Well, Esther and I have bought a vehicle. What a relief. What a complicated and stressful task. Hundreds of questions keep tumbling over one another in the weary mind.
Now, fresh from the battle, I may be able to help others who will soon be buying. Having gone through the ordeal 18 times (ten cars, six trucks, one van, one SUV) I have learned a little. Damn little the first few times, I admit, but eventually I discovered answers to a few of the most troubling questions.
Question: Should I buy Two Wheel Drive, Four Wheel Drive or All Wheel Drive?
Answer: That depends. On muddy or snow-drifted roads you can, compared with 2WD, go much farther on muddy or snow -drifted roads with 4WD or AWD. And have much farther to walk back when you do get stuck.
Q: How much can I afford?
A: First decide what is absolutely the most you’ll pay, say $20,000, not a dollar more. Then, when you’ve looked at 40 or more vehicles add 20%. That’s what you’ll pay, at least $24,000. It’s true, worked every time for me.
Q: Which brand of vehicle should I buy?
A: Ask five of your friends. They will come up with seven conflicting answers. Write each answer down on a slip of paper, put the slips in a hat , mix them up and draw one out with your eyes closed. Buy that one.
Q: Should I get a top-of-the-line model or a less expensive one?
A: You can tell everyone that all the bells and whistles on the most deluxe model are important for safety and comfort and will be a valuable trade-in next time you’re in the market. No need to mention that your real motive is to outshine all your friends and neighbours’ buggies. Only a shallow person would do that. But you will.
Q: Should I trade my old vehicle in on the new one?
A: Maybe, if you trade when they’re still quite new. But as a young man who drove old vehicles until they were ready to die, it would have been far more fun to push it over a cliff and watch it go crashing down, and with no financial loss.
Q: Is the new car smell worth the extra cost of buying a new vehicle?
A: Depends on the odour you prefer. The new smell only lasts a short time. Sniff the money you save by buying used instead, it’s just as satisfying.
Q: How long should I haggle with the sales person before settling on a price?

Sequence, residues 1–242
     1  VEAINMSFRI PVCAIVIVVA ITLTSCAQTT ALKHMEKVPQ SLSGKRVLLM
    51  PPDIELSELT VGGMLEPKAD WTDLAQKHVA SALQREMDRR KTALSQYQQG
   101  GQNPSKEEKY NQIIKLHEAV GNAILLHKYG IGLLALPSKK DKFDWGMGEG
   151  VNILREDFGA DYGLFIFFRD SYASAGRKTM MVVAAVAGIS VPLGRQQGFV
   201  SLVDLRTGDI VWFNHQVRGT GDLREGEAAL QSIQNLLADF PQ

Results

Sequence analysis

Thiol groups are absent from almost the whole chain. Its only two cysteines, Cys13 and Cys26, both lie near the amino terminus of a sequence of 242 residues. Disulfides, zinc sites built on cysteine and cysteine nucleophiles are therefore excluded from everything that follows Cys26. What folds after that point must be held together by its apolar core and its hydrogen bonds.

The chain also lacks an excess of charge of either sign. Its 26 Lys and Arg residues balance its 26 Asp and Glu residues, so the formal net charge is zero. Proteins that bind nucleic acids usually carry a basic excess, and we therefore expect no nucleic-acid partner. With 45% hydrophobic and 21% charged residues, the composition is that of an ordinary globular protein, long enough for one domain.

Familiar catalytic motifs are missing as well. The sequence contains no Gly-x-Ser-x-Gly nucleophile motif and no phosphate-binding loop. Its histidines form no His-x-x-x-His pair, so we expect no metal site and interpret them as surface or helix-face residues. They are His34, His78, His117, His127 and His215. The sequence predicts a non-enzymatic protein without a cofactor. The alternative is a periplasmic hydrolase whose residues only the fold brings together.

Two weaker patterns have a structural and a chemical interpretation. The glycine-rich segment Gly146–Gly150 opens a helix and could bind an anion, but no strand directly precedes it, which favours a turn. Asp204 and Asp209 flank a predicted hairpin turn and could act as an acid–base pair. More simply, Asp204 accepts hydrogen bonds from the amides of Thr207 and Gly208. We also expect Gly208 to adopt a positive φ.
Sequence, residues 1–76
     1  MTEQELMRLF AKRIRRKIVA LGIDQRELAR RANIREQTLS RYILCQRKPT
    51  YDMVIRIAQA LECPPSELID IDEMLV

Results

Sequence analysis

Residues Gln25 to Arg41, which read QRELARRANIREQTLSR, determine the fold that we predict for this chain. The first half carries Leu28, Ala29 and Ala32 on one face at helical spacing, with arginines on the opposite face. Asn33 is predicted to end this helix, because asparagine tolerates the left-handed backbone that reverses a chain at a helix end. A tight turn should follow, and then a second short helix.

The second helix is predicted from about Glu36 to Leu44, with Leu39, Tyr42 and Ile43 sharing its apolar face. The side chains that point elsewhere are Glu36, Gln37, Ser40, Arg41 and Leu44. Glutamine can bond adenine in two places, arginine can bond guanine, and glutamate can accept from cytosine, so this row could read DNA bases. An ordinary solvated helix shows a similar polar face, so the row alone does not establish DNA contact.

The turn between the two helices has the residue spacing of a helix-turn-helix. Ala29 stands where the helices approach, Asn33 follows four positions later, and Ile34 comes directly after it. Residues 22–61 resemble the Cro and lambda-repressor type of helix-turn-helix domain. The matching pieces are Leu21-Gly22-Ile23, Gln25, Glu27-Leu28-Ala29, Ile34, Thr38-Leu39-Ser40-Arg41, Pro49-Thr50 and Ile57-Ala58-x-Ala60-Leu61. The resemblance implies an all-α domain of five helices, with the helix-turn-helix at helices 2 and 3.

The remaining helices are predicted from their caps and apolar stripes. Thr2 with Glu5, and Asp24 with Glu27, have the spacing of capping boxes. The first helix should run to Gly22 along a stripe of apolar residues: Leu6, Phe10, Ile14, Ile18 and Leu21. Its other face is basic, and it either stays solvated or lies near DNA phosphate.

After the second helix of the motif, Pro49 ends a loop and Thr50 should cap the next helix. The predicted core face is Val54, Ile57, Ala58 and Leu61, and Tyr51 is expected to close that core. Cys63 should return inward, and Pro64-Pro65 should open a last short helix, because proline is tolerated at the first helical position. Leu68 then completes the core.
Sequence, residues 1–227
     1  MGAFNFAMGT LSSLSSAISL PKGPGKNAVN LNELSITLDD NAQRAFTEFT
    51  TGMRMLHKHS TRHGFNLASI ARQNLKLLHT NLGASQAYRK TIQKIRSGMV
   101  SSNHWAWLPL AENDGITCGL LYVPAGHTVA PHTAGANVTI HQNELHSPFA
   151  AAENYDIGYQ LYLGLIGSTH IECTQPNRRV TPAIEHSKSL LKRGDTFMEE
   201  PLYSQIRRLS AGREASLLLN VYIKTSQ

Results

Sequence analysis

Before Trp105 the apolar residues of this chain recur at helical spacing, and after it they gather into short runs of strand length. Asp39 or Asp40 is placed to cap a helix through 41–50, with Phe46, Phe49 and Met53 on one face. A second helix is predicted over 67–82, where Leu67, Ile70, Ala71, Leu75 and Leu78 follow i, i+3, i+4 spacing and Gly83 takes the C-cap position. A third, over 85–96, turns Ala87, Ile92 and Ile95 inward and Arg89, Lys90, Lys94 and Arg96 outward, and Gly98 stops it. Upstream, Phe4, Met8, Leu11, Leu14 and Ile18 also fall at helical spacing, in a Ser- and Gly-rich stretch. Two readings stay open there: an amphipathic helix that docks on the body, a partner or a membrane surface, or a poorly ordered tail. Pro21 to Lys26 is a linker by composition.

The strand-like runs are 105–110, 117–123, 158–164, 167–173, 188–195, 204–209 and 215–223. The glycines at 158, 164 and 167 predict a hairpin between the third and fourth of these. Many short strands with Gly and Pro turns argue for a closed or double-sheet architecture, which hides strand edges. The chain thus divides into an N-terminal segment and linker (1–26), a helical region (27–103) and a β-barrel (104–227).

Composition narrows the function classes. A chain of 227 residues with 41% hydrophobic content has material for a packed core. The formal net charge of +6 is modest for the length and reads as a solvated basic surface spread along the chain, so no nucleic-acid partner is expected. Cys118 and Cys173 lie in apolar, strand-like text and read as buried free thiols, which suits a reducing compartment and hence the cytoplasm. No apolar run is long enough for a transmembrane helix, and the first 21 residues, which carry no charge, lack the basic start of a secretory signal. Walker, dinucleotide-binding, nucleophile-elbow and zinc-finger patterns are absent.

A: Depends on how hungry or tired you are.
Q: Should I act tough and suspicious when dealing with the sales person?
A: Not necessary. Those sales people are usually interesting conversationalists. Enjoy the battle of wits, decide to buy or not, ask him to take his hand out of your pocket and walk out smiling.
While shopping for our recent buy I noticed in a list of options $400 for a block heater. That’s what I paid for my first car. The thrill I felt when driving it off the lot has never been equalled with any of the vehicles I’ve bought since (only three of which were purchased new).
Fast forward to the present. Esther (who had several vehicles before we got together) and I lived in a rural area. To access dental, medical, business, specific shopping needs and other services we travelled thousands of miles per year to Nipawin (64 km one way), Melfort (99km), Prince Albert (81km) and Saskatoon (218km). For that we needed a car. To purchase and bring home furniture, lumber and other large loads, and for pulling a camper, a truck was needed. So now that we live in the city where everything can be accessed easily, we’re selling off both car and truck (losing the latter is painful). The SUV we bought will be useful for both city and winter road trips for such things as family visits. So, three vehicle deals at once! Quite possibly the last ones we’ll ever do.